Recently, it was reported that Google has threatened to end its operations in China if the government continues to censor search results. Summarizing the situation, Normandy Madden shows the beginnings, and possible endings of Google’s attempts to conquer the Chinese search space.
Google’s largest competitor in the country, Baidu, handles more than twice the search business, and remains strong. Madden points out that “Google has never been a big believer in traditional marketing anywhere, including China…”
On the other hand, “Baidu is an active advertiser in TV, out-of-home and digital media”. Other issues referenced include that Google’s strategic execution in China was poor, and that it was not seen as truly Chinese, in contrast to the competition.
Even in terms of branding, the Chinese had difficulty pronouncing and spelling the name. Several cultural factors, and even arrogance are listed as factors that diminished Google’s chances in China. Even so, Madden cites Kaiser Kuo as saying Google’s success was “nothing to sneeze at…. 80-plus million people.”
The conversation over what seemingly went wrong is important, but certainly, Google did not utterly fail in China. They are currently second place. Still, on the surface it does appear that the company could have garnered more market share, if correcting some of its blunders.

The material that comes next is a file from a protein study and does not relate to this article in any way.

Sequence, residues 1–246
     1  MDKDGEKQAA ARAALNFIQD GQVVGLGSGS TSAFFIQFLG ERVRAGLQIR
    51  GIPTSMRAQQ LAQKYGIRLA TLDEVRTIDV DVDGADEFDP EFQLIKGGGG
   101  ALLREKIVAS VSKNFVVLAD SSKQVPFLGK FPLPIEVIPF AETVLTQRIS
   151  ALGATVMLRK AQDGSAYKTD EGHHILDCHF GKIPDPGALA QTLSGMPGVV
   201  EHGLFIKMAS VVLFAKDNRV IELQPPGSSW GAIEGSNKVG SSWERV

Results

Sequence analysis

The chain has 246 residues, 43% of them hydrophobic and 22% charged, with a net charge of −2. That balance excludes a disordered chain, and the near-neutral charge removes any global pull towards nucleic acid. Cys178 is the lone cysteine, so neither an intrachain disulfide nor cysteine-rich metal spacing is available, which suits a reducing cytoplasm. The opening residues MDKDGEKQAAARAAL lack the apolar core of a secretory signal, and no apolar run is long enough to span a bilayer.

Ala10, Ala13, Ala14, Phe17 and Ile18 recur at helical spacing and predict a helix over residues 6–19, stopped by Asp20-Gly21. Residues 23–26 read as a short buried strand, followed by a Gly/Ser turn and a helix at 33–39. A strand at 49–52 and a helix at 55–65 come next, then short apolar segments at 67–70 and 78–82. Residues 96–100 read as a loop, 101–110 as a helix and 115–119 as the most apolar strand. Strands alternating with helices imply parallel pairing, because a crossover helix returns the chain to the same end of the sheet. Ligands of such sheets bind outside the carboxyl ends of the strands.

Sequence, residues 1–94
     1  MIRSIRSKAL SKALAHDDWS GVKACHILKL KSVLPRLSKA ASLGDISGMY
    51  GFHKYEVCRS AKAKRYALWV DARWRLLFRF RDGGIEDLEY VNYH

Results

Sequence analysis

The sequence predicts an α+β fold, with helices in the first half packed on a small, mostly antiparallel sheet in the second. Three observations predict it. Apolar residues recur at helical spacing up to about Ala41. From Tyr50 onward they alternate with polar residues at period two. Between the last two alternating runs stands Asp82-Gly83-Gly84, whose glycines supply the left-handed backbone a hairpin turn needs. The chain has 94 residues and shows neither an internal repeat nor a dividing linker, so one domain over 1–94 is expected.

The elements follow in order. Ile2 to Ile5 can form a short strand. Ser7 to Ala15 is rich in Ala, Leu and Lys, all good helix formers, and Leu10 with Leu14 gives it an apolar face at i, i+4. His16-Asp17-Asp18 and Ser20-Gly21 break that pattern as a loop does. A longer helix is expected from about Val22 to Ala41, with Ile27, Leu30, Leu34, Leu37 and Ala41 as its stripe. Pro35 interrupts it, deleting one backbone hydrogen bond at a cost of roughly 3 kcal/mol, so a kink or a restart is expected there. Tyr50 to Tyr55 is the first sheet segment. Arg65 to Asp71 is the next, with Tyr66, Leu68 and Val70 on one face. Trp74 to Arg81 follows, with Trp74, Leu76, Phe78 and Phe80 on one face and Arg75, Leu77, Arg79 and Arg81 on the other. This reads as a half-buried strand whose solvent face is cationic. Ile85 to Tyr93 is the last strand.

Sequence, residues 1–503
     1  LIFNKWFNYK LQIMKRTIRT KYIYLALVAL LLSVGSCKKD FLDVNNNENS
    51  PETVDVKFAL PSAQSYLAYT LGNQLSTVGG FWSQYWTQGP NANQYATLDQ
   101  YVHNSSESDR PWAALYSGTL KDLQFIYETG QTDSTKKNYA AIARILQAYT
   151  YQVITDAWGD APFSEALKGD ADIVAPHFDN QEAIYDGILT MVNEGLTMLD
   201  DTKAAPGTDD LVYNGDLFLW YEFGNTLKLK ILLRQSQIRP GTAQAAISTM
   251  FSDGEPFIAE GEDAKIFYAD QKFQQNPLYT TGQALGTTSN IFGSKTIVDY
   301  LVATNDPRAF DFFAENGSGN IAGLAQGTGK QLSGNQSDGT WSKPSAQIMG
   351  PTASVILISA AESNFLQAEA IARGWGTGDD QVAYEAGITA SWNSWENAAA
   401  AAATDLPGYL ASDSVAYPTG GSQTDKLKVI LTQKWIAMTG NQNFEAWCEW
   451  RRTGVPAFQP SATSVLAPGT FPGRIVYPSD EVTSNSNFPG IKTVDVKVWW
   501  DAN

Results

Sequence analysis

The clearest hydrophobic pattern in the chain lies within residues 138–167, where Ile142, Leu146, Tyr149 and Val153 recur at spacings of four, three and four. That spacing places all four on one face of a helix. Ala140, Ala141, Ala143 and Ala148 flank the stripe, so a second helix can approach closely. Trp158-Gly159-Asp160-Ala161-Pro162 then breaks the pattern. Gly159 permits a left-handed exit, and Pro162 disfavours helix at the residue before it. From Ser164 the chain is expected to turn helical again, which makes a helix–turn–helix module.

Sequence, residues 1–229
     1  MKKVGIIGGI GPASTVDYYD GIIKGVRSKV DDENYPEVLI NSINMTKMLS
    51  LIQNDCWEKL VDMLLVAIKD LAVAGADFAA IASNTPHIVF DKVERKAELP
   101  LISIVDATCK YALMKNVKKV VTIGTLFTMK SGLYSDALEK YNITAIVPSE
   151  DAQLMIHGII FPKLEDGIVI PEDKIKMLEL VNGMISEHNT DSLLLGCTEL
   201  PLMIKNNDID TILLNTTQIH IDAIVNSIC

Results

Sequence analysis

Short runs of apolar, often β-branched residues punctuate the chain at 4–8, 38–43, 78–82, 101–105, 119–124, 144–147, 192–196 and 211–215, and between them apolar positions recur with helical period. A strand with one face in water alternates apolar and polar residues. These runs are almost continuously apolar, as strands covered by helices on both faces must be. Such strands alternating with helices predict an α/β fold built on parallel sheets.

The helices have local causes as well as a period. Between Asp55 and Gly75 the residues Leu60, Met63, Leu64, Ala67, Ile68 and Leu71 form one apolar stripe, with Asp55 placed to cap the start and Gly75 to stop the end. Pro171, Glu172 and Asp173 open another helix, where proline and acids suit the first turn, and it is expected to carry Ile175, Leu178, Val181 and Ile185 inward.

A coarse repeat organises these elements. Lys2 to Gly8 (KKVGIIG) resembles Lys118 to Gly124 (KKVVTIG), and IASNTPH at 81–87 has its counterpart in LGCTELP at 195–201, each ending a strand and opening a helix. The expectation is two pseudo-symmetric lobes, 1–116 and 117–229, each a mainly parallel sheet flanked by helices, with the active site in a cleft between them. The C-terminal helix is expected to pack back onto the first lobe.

How much more is uncertain. “Why Google Wasn’t Winning” does outline briefly several problems and reasons Baidu is winning. However, it’s not clear whether the issues mentioned, in sum, equate to the difference between Google and Baidu.
Whatever the core reasons for Google’s potential departure from China, the distinctions between the two firms in the article are reason to pay close attention. As new American businesses enter the Chinese marketplace and indeed any culturally distinct market, understanding how local firms operate is essential. Being ready to compete requires this much at least.
More importantly, operating ethically and free from human rights concerns is imperative. What the government does in response to Google’s pleas for free speech will be key, and may determine whether we see the next leg of a competitive race, or simply an exit, stage left for the tech giant.
Madden, N. (2010, January 14). “Why Google wasn’t winning in China anyway.” Advertising Age. http://adage.com/article/digital/digital-marketing-google-winning-china/141493/